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In this chapter the processing of step COMPREFPHA is described. This step can be performed as soon as the precise orbits are known. The recommended approach is to compute this only after the computation of the interferogram, and then use the step SUBTRREFPHA to subtract it. This step is not required if method "exact" is used in step SUBTRREFPHA.

The flatearth correction (the phase caused by the reference surface (WGS84 for now)) is computed in this step. For a certain (line,pixel) in the master image the corresponding coordinates (x,y,z) of the master and slave satellite and the point P on the reference ellipsoid are computed, utilizing the set of equations (Doppler, range and ellipsoid equation), see annex D. Then the parallel baseline and the phase is computed.

The parallel baseline $ {B_{\parallel }}$ is defined as (M/S are positions of master/slave, P is the position of the point on the reference surface):

$\displaystyle {B_{\parallel}}= d(M,P) - d(S,P)$ (X1)

The phase of a pixel in the master image is defined as:

$\displaystyle \ensuremath{\phi}= -{4\pi\over\lambda}d(M,P)$ (X2)

The reference phase for this pixel is defined as:

$\displaystyle \ensuremath{\phi}= -{4\pi\over\lambda}{B_{\parallel}}$ (X3)

The reference phase is computed in a number of points distributed over the total image in this way, after which a 2d-polynomial is estimated (least squares) fitting these 'observations'. (So a plane can be fitted by setting the degree to 1.)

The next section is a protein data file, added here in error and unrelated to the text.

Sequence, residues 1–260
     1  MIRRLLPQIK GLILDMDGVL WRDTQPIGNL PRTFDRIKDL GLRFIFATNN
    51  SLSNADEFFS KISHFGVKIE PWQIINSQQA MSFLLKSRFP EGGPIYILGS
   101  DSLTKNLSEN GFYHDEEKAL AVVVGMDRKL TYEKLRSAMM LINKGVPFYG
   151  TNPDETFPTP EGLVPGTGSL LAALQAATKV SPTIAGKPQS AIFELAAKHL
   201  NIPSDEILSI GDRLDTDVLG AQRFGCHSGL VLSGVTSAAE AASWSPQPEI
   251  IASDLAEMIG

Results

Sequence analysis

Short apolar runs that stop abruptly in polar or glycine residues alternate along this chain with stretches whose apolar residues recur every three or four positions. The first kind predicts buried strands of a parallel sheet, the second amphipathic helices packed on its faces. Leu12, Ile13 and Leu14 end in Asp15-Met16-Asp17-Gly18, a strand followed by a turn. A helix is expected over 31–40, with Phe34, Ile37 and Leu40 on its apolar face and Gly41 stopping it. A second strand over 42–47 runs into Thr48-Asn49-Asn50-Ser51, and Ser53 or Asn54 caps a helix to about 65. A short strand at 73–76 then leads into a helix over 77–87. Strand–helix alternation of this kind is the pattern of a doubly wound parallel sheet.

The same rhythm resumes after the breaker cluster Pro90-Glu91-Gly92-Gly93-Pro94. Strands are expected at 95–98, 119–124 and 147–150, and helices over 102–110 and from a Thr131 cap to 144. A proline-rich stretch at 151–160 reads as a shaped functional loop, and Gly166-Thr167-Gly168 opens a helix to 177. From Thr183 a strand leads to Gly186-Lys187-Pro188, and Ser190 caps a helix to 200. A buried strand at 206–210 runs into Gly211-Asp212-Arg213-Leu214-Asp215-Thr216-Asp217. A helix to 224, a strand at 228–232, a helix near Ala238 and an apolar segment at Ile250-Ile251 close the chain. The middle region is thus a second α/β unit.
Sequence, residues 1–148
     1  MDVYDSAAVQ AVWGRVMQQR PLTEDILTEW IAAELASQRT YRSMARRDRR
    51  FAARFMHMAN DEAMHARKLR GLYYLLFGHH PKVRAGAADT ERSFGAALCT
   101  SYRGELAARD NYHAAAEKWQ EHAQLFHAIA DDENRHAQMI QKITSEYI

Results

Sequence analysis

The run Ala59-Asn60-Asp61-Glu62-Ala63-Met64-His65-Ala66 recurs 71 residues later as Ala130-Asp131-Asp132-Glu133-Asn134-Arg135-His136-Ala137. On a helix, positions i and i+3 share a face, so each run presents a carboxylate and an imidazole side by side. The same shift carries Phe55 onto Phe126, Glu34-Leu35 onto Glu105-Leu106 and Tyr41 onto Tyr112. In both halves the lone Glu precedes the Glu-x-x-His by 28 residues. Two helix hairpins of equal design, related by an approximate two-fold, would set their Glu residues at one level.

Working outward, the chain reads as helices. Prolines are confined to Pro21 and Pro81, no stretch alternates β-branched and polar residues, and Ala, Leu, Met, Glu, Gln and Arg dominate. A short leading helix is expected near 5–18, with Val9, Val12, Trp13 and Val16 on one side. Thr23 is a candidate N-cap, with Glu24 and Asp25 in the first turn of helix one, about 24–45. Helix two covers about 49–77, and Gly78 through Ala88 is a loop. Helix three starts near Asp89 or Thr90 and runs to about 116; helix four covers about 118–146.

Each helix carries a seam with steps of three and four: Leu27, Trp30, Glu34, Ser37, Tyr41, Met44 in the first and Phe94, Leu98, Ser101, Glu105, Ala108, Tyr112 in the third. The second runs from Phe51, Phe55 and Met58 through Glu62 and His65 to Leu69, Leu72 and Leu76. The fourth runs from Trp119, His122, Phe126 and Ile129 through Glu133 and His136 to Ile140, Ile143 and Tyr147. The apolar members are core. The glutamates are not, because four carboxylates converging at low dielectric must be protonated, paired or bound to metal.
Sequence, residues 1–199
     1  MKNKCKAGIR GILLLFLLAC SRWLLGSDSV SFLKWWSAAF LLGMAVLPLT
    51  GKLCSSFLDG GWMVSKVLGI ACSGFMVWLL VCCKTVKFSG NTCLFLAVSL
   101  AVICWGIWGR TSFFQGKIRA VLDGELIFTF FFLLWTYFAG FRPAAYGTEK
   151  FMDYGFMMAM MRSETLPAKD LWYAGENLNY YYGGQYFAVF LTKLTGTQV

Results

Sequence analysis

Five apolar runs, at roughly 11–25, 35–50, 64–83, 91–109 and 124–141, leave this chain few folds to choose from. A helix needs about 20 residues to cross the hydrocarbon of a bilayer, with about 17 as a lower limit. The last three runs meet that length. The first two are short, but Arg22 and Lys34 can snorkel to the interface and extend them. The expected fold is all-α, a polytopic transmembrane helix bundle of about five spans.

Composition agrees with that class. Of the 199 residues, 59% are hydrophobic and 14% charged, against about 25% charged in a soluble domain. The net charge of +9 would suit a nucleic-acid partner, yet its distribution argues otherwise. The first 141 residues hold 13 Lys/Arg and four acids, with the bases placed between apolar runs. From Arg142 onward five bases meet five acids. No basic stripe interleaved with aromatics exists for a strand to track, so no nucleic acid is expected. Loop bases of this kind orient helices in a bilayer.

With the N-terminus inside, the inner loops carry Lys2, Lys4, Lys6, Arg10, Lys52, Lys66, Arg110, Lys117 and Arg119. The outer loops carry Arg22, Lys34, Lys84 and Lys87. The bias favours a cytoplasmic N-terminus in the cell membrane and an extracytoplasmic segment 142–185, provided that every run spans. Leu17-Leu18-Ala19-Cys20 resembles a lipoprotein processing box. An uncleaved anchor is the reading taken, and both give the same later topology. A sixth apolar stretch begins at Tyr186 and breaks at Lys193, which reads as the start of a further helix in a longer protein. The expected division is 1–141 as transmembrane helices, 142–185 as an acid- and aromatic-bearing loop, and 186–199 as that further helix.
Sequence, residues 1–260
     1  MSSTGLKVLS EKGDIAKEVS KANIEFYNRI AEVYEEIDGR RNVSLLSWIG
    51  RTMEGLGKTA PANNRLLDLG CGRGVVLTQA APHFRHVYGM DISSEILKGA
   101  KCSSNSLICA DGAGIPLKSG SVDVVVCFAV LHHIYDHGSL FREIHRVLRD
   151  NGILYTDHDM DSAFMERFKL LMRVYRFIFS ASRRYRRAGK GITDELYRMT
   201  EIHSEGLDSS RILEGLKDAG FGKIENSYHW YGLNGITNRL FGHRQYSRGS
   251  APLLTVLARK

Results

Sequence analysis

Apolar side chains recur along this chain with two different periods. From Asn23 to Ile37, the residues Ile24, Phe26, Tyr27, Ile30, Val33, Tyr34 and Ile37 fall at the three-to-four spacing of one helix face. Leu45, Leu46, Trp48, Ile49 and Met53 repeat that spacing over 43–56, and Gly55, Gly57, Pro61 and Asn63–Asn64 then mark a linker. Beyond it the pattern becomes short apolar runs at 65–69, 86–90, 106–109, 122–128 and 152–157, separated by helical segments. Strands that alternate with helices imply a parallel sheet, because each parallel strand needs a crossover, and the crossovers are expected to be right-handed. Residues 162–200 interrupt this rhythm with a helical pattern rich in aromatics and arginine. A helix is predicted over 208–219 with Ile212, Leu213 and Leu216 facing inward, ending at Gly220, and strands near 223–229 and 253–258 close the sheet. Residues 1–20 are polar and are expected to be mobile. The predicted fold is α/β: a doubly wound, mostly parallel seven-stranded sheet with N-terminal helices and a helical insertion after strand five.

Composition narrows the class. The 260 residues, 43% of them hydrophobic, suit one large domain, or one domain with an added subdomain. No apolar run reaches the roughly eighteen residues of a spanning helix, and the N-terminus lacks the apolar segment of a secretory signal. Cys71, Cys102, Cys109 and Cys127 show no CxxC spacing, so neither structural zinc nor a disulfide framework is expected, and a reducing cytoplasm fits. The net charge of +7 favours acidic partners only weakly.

A 2d-polynomial is defined as:

$\displaystyle f(x,y) = \sum_{i=0}^{d}\sum_{j=0}^{i} \alpha_{i-j, j} x^{i-j} y^{j}$ (X4)

Thus the order of the coefficients (line,pixel) is (degree d):
d=0: $ A_{00} $ (1)
d=1: $ A_{10} A_{01} $ (2, 3)
d=2: $ A_{20} A_{11} A_{02} $ (4, 5, 6)
d=3: $ A_{30} A_{21} A_{12} A_{03} $ (7, 8, 9, 10)

Thus the number of coefficients (unknowns) equals:

$\displaystyle \ensuremath{{1\over2}}((d+1)^2 + d + 1)$ (X5)

A polynomial of degree 5 normally is sufficient to model the reference phase for a full scene. A lower degree might be selected for smaller images, which also should increase the stability of the normalmatrix. We would expect the higher order terms to be small because the polynomial describes a smooth, long wave body (ellipsoid). To force the polynomial to be smooth one might consider always using a polynomial of degree 2 or 3.

See also [15] or [6].

next up previous contents
Next: Input Cards Up: usermanual Previous: Implementation   Contents
Leijen 2009-04-14